In April of 2012 what began as Raymond's attempt to get to know Canada’s architectural heritage turned into a four-year and ten-piece obsessively illustrated series of prints showing his adopted home city of Montreal, his old home town of Edmonton, and eight other Canadian cities during specific moments in their history. Montreal on the opening day of Expo ‘67? It’s there. Calgary on the opening day of the ‘88 Olympics? That too. Ottawa on VE day in 1945? Wouldn’t miss it for the world. Each print comprises between 50 and 125 specific landmarks and buildings, as well as a small square in each print that presents its title and historical date. Find the full series arranged below alphabetically, including Calgary, Edmonton, Halifax, Hamilton, Montreal, Ottawa, Ville de Quebec, Toronto, Vancouver, and Winnipeg. 

Print Details | Each print measures 24 x 24". Screenprinted in Montreal with 1.5” margins in an open edition. Signed and dated on the reverse.


CITY OF CALGARY - 13 FEB 1988


CITY OF EDMONTON - 1 JULY 1983


CITY OF HALIFAX - 1 APRIL 1996


CITY OF HAMILTON - 30 OCTOBER 1958


VILLE DE MONTRÉAL - 27 APRIL 1967


CITY OF OTTOWA - 7 MAY 1945


VILLE DE QUÉBEC - 3 JULY 2008


City of Toronto - 26 June 1976


City of Vancouver - 3 September 1962


City of Winnipeg - 15 May 1919

Canadian Music Venues Print Series

What happens if you spend years playing in bands, love expressing information visually, and suddenly find the nightlife out of reach? These oversized maps of Calgary, Edmonton, Halifax, Hamilton, Montreal, Ottawa, Toronto and Vancouver music venues past and present, each spanning more than a dozen genres and a century of history. Punk, dance, jazz, alt, metal, thrash, hiphop, new wave, world beat, big band, weirdo, cabaret, hair band, space pop, regular pop, bluegrass, blues, folkie, swing and DIY music venues? They’re all there, along with their addresses and approximate years of activity. Note: Raymond stresses the word “approximate” here, as this series includes a large number of educated guesses and assumptions. Info about some of these venues is rare-to-nonexistent, so please excuse any errors, or drop Raymond an e-mail if you have anything to add or change.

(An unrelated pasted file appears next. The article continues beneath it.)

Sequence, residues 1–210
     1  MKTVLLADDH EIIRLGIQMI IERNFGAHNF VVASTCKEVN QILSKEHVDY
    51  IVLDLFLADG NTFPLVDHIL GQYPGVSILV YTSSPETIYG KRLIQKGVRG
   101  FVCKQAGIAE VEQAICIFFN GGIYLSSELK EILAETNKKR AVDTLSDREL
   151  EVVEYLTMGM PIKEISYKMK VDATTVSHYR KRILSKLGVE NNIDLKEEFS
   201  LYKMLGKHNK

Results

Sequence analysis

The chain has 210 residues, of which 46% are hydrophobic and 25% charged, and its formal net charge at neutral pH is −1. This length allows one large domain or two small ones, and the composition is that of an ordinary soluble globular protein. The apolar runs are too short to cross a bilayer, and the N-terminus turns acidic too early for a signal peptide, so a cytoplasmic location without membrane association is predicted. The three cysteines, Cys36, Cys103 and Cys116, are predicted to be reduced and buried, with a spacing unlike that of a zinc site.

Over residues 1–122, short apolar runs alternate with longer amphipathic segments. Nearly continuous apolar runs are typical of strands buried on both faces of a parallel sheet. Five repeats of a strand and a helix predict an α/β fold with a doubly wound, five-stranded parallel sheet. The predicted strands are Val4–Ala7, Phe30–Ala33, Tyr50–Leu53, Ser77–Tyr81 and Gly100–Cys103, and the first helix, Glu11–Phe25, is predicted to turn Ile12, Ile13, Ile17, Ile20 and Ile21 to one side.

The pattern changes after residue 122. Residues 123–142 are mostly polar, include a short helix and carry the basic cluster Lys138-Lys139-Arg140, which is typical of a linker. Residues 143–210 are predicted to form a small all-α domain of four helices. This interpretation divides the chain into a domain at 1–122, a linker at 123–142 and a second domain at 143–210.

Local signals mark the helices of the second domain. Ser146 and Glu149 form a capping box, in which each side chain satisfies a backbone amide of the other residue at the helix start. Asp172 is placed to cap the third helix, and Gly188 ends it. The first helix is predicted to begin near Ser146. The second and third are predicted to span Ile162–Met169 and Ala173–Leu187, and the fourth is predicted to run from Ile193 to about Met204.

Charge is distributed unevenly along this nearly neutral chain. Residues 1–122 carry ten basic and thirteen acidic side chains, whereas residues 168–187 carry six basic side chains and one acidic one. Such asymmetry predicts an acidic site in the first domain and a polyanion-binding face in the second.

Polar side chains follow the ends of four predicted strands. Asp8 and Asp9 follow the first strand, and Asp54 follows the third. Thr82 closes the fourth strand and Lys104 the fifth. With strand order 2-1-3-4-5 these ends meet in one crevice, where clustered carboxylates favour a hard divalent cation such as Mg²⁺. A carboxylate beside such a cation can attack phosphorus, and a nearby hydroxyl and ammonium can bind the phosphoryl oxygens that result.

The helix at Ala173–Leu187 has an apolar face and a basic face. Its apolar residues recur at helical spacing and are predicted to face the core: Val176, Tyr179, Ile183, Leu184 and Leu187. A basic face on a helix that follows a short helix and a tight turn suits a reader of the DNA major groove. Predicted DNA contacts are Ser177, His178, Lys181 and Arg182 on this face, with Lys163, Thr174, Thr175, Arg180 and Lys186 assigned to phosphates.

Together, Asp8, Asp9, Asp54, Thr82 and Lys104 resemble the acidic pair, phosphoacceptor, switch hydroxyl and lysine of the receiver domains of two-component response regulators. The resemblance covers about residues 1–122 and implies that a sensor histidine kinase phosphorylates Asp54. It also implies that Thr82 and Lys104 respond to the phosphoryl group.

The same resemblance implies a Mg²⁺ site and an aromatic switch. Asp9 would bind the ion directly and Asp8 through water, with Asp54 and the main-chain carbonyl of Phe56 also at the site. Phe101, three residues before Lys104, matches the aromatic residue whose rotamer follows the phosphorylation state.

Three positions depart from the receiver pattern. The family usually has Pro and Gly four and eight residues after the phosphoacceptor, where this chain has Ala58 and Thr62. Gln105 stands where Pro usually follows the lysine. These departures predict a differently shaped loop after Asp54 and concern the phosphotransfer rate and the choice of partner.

Print Details | Prints measure 24 x 36". Dimensions include a 1.5" margin. Printed in-studio with an Epson T3170 on ultra-premium matte paper in an open edition. Signed and dated on reverse.


Calgary Music Venues 1889-2021


Edmonton Music Venues 1908-2021


Halifax Music Venues - 1832-2022


Hamilton Music Venues 1850-2021


Toronto Music Venues 1851-2021


Vancouver Music Venues 1886-2021


Montréal Lieux de Musique 1900-2021


Ottawa Music Venues 1860s - 2022

Music as Medicine

If your Swedish lessons are going well and it was almost a decade ago, you could drop by Kmagasin.se and find this art print in its natural habitat, along with its partner, an illustration of Dr. Vitrola examining a patient. Art direction by Markus Hillborg.

Print Details| Print measures 24 x 24". Dimensions include a 1.5" margin. Printed in-studio with an Epson T3170 on ultra-premium matte paper in an open edition. Signed and dated on reverse.

Chronology of Edmonton Bands

This is an oversized one-colour silkscreened chart showing the complex evolution of the Edmonton music scene from 1950 to 2010. It started as an exercise in community memory; local musicians were asked to report bands they'd been in, their membership, and years of activity. 157 higher profile groups were picked from that info and given a slot on one of the chart's 20 lanes. On it you'll find such semi-known Edmonton hit makers as Cadence Weapon, Barry Allen, Willy & the Walkers, SNFU, Darkroom, the Wet Secrets, the King Beez, Brewtals, and Troyka. While not a complete picture, it is an excellent start to understanding Edmonton’s music history.

Print Details| Print measures 24 x36". Screenprinted in Montreal with 1.5” margins in an open edition. Signed and dated on the reverse.

A La Table Des Philosophes Print Series

Raymond spent most of early 2017 buried in Quebecois teacher and scholar Normand Baillargeon's A La Table Des Philosophes manuscript, exploring the link between philosophy, food, and how to best express that linkage via ten full-page chapter-starting illustrations. The whole set encompassed everything from gluttony to feasts, famines, food states, or even gastronomic news angles. These three art prints focus on the weight of considering what to eat, wine and society, and the zen of tea. Art direction was provided by Pierre-Antoine Robotaille.

Print Details | Prints measure 18 x 24". Dimensions include a 1.5" margin. Printed in-studio with an Epson T3170 on ultra-premium matte paper in an open edition. Signed and dated on reverse.


What To Eat


Wine Party


Zen Tea

Beef & Pork cuts Print Series